11. Metropolitan Elias Yusef, Syria (for the Greek Orthodox Patriarchate of Antioch)


Metropolitan Gregorios Yohanna Ibrahim (Syrian Orthodox Church of Antioch)

Mr. Razek Syriani (Syrian Orthodox Church / MECC)


Prof. John H. Erickson, U.S.A. (Orthodox Church in America)

Rev. Dr. Ronald Kydd, Canada (Pentecostal Assemblies of Canada)

WCC Staff:

Fr. Dr. Thomas FitzGerald (Ecumenical Patriarchate)

Rev. Dr. Dagmar Heller (Evangelical Church of Germany, United)



Asheville, North Carolina Adventist News Network {ANN] March 7, 2000– The "Meeting of U.S. Church Leaders," an annual gathering of heads of Christian churches from around the nation, has elected Seventh-day Adventist Dr. Bert B. Beach as the vice chair of the group's steering committee. More than 30 church leaders participated in the February 23-25 meetings, including leaders from the Evangelical Lutheran Church in America, the Presbyterian Church (USA), the United Church of Christ and the American Baptist Churches in the USA.

Dr. Bert B. Beach

"This ongoing appointment is an indication of the growing esteem in which the Seventh-day Adventist Church is held by many of the titular heads of the churches in the United States," says Beach, a past director of the Church's Public Affairs and Religious Liberty Department. Beach, who has represented the Adventist Church at the meetings for the last 15 years, sees the annual gatherings as an invaluable way of connecting with national church leaders in an environment of informal fellowship.

"We pray together, enjoy devotional meetings, and form friendships," says Beach, who adds that no substantive decisions are made at the annual meetings. "It's simply an opportunity to meet, consult, and recharge; to put away hostilities and worship together as fellow Christians."

The February meeting of the "U.S. Church Leaders" at Asheville, North Carolina, was a special millennial gathering where speakers explored the "Gift of the Holy Spirit." A prayer, written by meeting participants, asks God to use United States Christians "In preparing Your Kingdom, That Your will be done, On earth as it is in heaven."

Beach, Inter-Church Relations director for the Adventist Church, has been a Church administrator and religious liberty advocate for over 48 years. He currently also serves as vice president of the International Religious Liberty Association, and is the elected secretary of the Conference of Secretaries of Christian World Communions-an office he has held for the past 29 years. [Bettina Krause]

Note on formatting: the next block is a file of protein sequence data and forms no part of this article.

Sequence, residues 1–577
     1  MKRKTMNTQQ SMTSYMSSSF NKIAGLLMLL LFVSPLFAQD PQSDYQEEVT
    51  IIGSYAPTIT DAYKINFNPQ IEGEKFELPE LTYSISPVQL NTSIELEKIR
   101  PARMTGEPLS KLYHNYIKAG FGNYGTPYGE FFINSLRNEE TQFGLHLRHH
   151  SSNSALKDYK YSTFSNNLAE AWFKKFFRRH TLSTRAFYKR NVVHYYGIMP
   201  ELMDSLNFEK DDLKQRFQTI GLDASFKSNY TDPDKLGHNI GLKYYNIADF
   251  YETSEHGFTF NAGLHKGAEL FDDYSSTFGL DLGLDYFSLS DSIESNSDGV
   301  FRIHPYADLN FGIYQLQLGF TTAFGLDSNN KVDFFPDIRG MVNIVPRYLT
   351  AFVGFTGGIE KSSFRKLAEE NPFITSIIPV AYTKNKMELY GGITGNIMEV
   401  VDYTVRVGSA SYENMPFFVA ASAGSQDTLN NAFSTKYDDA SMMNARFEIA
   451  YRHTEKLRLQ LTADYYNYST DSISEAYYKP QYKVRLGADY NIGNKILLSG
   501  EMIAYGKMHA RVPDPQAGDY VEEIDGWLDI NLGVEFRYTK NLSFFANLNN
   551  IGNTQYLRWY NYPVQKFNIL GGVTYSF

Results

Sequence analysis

by C. Elwyn Platner

It's early Sunday morning Nov. 7, and more than a dozen members of the Las Vegas Mountain View church are busy mixing pancake batter, setting our dishes and other tableware, preparing breakfast in a local public elementary school auditorium. Outside, signs posted earlier on street corners and in the parking lot point the way to the Higher Grounds Community Church.

By 10 a.m. the smell of frying pancakes greets the first visitors from the surrounding community as they approach the school, many of them for the first time. They've come as a result of a mass mailing of invitations to homes a local postal zip code co-attend Sunday morning religious services. Service begins as the crowd grows and enjoys pleasant conversation around two dozen small tables scattered throughout the auditorium, members of a music group follow Pastor Tim Dunfield to the platform and begin taking their places.

While the visitors finish their breakfast, Dunfield welcomes the rowing crowd of almost 50 people by this time for the first meeting in their new location. Led by Brad Reed and Wally Hanson, the band provides accompaniment for singing for the next 20 minutes. "It's a high tech "seeker, "style" service, not designed for Adventists, but for Anglo Boomers and GenXers who may not be acquainted with the inside of any church," explained David Gemmell, pastor of the nearby Las Vegas Mountain View church which is sponsoring this creative evangelism project. "Most Adventists would not be comfortable in this service with its contemporary band and laid-back style," he remarked. "But this type of service has already proved highly successful with three other rapidly growing churches in Las Vegas.

"If the thesis holds true," Gemmell wrote in requesting evangelism endowment funds last year, "by the end of the 52-week evangelistic campaign, there will be a regular attendance of about 600 at the weekly evangelistic meetings. Of those 600 at least 20 percent will have officially been baptized and will be worshiping with their Adventist brothers and sisters on Sabbath."

"Sunday morning evangelism may sound unconventional or even radical. Gemmell said. Yet the concept has roots in solid theology. Jesus did not confine his ministry to Sabbath services at the temple. Some of his greatest ministry opportunities occurred in secular times and places with worldly people," Gemmel's project proposal said.